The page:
Volcán de Fuego (Volcano of Fire) is one of Central America’s most active volcanoes, and is famous for consistently spewing smoke, ash, and even lava from its core! 😮
Next to it is Volcán Acatenago, a dormant stratovolcano, which is a popular volcano to hike, since it offers spectacular views of neighboring Volcán Fuego.
From the summit of Volcán Acatenago, elevation 3,976 m, hikers have spectacular views of not only Volcán Fuego, but also some other peaks of Guatemala’s 30+ volcanoes!
I chose to do this overnight hike with OX Expeditions, an outdoor company, which came highly recommended. 😀
This company is very organized and professional. The day before the hike, our group met for a short briefing, where we would discuss the specifics of the hike, and rent winter gear.
The summit of Acatenago is very cold, so OX also lets their hikers borrow winter coats, pants, and accessories for the trip. Some of the gear was quite comical. For example, I told the British guy in our group that his coat made him look like Macklemore from Thrift Shop. 😛
Hey, Macklemore! Can we go thrift shopping?
Anyway, the next morning we met at OX at 6 AM, to pack our bags, and prepare for the journey to Acatenago. The company had a serious system, with each individual’s gear and food laid out, all ready to be packed away.
By far one of the hardest parts of the trek is carrying all the gear. Personally, I had to carry my warm clothes, camera gear, 1 gallon of water (4 liters), food, sleeping bag, roll mat, and part of the tent.
From there we headed to nearby cafe in Antigua, to grab coffee and muffins, a chat with our fellow hikers. Personally, I got to know one girl in my group from Colorado, who had previously worked in Guatemala City, and was now back to reunite with old friends and take on a few challenging hikes like this one. 🙂
From Antigua we drove 45 minutes to the entrance of the trail, where we began our steep descent up Acatenago.Much of the terrain is volcanic sand and loose gravel, which makes the uphill hike incredibly strenuous and slippery.Our guide was sure to give us breaks every 20-30 minutes, so that we could catch our breath and take in the beautiful scenery. 🙂What’s fascinating about Acatenago is that it’s actually comprised of three separate biospheres: oak forest, cloud forest, and pine forest.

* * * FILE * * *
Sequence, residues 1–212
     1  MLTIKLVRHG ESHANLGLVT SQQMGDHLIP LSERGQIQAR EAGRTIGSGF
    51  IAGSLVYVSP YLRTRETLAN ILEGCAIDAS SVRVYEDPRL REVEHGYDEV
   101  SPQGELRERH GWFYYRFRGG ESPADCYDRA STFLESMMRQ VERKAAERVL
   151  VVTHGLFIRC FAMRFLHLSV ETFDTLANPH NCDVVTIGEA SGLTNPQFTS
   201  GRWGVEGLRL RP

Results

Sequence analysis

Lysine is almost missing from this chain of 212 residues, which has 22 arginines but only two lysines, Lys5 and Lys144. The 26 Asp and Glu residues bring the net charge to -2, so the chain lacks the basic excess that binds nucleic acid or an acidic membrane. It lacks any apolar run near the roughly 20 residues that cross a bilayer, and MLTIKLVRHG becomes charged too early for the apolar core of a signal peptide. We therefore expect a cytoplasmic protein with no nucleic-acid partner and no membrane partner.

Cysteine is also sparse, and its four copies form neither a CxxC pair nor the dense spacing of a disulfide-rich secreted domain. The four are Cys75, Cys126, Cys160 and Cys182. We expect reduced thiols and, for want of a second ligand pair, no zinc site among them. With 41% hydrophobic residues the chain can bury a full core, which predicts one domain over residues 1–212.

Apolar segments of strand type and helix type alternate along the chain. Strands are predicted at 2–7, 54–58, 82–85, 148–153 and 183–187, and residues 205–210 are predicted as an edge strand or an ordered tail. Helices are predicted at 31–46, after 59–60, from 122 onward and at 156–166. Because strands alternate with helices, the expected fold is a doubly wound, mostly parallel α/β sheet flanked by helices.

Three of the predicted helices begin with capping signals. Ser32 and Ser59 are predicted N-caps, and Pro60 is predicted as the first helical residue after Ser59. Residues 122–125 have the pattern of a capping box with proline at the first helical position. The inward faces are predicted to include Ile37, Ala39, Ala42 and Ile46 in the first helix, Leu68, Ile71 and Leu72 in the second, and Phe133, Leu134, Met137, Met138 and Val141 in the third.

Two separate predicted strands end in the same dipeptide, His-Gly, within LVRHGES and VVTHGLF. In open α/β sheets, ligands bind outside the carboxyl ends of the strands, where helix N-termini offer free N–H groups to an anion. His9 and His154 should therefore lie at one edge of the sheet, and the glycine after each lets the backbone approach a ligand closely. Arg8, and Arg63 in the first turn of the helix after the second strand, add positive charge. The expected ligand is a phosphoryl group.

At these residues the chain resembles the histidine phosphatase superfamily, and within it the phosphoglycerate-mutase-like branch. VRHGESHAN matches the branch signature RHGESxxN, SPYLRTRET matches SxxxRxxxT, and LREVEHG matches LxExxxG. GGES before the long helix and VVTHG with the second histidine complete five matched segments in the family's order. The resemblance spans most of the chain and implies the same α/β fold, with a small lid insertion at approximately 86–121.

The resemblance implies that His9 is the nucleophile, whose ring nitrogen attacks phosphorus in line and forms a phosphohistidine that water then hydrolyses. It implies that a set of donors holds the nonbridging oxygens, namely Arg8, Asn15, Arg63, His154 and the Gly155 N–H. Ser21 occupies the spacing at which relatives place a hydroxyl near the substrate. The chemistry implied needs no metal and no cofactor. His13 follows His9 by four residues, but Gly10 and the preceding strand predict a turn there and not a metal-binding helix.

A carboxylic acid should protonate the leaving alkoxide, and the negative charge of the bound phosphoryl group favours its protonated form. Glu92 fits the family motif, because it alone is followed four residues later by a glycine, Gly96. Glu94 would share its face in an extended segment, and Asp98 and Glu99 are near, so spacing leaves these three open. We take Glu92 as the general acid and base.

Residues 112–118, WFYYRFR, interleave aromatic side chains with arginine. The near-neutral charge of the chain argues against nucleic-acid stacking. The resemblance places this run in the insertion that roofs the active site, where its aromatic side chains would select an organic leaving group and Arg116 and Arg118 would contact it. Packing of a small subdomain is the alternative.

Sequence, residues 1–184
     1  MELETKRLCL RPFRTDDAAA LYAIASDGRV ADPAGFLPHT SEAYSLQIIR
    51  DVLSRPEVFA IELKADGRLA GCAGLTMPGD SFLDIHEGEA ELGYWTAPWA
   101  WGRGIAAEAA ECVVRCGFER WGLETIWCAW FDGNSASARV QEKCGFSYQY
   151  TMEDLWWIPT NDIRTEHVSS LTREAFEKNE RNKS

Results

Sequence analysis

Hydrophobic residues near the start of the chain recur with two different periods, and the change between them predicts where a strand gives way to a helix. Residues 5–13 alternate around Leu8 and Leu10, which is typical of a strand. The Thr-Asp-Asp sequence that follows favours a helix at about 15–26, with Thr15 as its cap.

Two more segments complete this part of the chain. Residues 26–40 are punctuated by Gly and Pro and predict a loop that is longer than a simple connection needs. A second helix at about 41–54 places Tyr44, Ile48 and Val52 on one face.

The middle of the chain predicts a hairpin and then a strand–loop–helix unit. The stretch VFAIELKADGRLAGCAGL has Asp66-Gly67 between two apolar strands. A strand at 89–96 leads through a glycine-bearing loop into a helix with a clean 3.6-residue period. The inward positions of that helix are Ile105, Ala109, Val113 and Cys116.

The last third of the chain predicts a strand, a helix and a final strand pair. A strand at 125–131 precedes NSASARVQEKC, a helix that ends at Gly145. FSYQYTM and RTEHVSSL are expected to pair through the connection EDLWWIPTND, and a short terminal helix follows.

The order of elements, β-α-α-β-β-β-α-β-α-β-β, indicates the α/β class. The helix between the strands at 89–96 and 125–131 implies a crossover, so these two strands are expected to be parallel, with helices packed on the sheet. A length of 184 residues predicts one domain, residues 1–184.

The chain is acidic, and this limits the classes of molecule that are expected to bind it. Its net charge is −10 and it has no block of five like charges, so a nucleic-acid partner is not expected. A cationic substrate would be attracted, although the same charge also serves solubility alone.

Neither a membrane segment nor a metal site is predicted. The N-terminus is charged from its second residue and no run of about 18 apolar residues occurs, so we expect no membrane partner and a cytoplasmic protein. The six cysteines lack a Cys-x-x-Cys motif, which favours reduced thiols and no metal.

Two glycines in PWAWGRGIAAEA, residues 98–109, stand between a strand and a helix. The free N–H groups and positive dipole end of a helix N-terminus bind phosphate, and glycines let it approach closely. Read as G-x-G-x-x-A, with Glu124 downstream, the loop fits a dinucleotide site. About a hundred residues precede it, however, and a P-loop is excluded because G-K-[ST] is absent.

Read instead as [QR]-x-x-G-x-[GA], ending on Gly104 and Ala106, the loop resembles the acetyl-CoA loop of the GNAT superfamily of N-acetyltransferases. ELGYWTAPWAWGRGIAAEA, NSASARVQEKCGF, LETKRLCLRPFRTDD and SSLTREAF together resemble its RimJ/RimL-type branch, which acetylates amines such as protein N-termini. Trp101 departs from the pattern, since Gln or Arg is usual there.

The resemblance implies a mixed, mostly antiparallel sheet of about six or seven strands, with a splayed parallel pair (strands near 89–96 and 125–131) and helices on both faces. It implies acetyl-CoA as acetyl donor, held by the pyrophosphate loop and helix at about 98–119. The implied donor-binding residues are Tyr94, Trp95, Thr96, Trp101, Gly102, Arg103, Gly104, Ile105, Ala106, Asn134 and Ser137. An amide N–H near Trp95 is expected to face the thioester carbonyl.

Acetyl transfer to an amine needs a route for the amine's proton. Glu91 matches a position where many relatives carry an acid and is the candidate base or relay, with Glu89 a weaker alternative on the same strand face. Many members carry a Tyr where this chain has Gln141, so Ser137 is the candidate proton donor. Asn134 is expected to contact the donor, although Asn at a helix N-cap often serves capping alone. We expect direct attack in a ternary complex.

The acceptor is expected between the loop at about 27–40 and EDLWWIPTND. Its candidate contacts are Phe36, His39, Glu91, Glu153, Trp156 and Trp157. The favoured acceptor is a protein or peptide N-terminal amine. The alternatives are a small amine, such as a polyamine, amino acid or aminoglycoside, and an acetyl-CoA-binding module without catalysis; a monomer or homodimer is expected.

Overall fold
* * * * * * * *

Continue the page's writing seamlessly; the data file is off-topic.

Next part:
I also wasn’t expecting to see so much plant life on a volcano.The vibrant greenery looked absolutely stunning in contrast to the black sand. ❤Anyway, after about 1.5 hours, we took our first long break, where the locals had soda, snacks, and beer for sale.
This is also when some stray dogs started to join us on the hike. I think they like to camp with the visitors, so they can eat their leftovers.How can you say no to that face? 🙂Anyway, by about noon we had reached the halfway point and lunch spot. OX packed us sandwiches, but encouraged us to bring other snacks as well.
Unfortunately, at this point, a thunderstorm rolled in and our hike became rather soggy.I didn’t have a poncho, but I did had a stylish purple umbrella to match my coat. Everyone said I must have planned that! 😉
Anyway, after 6 hours of hiking, we finally reached our camp site and set up the tents. There were two tents, with four per tent. My tent mates included the American girl, a Russian guy, who is on holiday after an internship in California, and a German girl, who is currently studying Spanish in Guatemala.Anyway, I was super impressed with the camp site OX had reserved. We were literally right next to Fuego!As well, in the evening, this volcano started to live up to its reputation, with rumbling blows of smoke, ash, and lava erupting out the top! 😮
It was the perfect entertainment as our guide cooked us up some spaghetti on his mini stove, and boiled us water for chai spiced tea, while we roasted our buns by the fire.
In the morning, we left at 4 AM to reach the summit. The air was bitter cold, and I couldn’t feel my feet, but I was raised in Wisconsin, so this was nothing compared to our winters there. 😛Overall, the hardest part was the lack of light for navigating (many hikers had headlamps) and again, the steep, sandy ascent. To put things in perspective, the hike would take over 1.5 hours to get up, but only 20 minutes to get down, due to its sharp incline! 😮
Anyway, on the way up, I was able to spot stunning views of Volcán Agua and the active volcano, Pacaya, in the distance.
It was so cool seeing life above the clouds.
At the summit, we were able to walk around the rim of the crater, where we caught gorgeous views of the sunrise.The crater is absolutely massive, and I even saw the volcanic monitoring equipment they have in the core.
Anyway, after finishing up at the summit, we walked back down to camp, where we packed up and had a light breakfast of coffee, banana bread, bagels, and assorted spreads. This is also when Volcán Fuego gave us a epic show before our final descent! 😮
The volcano started with a few small eruptions every 20 minutes. This evolved into 2-3 major blasts, with giant clouds of ash, smoke, and rock shooting high into the air. 😮Of course I had to take a few volcano selfies, and I made a short video for you to enjoy. 🙂
Overall, the hike was an incredible experience, and highly recommended for anyone visiting Guatemala. 🙂
Cost: 89 USD, which includes transportation, gear rental, three meals, and a bilingual guide.
Up next, I’ll be sharing with you my experiences in the colonial city of Antigua. Stay tuned to hear all about it. Until then. 🙂